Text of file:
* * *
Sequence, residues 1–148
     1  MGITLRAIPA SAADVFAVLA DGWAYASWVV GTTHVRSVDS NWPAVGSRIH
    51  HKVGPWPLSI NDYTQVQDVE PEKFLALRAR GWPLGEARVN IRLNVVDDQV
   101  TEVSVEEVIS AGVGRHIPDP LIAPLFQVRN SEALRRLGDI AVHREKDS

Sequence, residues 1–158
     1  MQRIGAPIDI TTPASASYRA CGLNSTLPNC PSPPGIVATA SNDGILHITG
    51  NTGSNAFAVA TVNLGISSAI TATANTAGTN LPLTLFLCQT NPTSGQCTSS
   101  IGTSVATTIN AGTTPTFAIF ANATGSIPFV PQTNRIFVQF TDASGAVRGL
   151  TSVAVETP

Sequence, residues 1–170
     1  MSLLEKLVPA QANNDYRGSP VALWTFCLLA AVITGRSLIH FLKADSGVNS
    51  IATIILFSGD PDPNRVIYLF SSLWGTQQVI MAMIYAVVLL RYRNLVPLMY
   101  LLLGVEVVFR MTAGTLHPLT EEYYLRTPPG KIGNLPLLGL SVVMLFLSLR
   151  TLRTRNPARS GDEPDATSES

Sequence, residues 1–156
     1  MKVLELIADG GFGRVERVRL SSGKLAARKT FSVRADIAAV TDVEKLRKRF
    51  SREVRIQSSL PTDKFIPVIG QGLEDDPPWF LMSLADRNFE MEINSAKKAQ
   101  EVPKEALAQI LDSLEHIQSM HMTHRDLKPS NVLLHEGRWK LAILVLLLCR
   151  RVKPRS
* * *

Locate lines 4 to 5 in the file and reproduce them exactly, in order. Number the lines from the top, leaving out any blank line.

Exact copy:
   101  TEVSVEEVIS AGVGRHIPDP LIAPLFQVRN SEALRRLGDI AVHREKDS

Sequence, residues 1–158